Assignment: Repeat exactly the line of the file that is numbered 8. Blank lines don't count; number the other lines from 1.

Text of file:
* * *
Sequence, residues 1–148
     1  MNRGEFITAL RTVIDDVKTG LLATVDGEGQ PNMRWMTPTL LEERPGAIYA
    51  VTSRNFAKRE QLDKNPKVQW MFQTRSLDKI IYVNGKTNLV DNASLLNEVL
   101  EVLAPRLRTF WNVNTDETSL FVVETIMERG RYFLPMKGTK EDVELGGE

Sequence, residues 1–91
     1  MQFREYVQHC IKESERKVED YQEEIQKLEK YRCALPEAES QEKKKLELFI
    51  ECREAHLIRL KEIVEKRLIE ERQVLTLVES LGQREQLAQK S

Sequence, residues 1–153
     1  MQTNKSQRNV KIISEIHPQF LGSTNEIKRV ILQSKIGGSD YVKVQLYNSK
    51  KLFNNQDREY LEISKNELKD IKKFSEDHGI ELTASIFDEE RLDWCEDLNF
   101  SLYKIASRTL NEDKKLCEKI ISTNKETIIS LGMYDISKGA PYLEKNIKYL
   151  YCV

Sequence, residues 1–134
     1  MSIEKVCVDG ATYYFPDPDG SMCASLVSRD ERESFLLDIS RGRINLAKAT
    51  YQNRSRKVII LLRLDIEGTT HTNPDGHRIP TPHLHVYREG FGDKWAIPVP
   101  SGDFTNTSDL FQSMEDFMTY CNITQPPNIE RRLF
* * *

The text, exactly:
Sequence, residues 1–153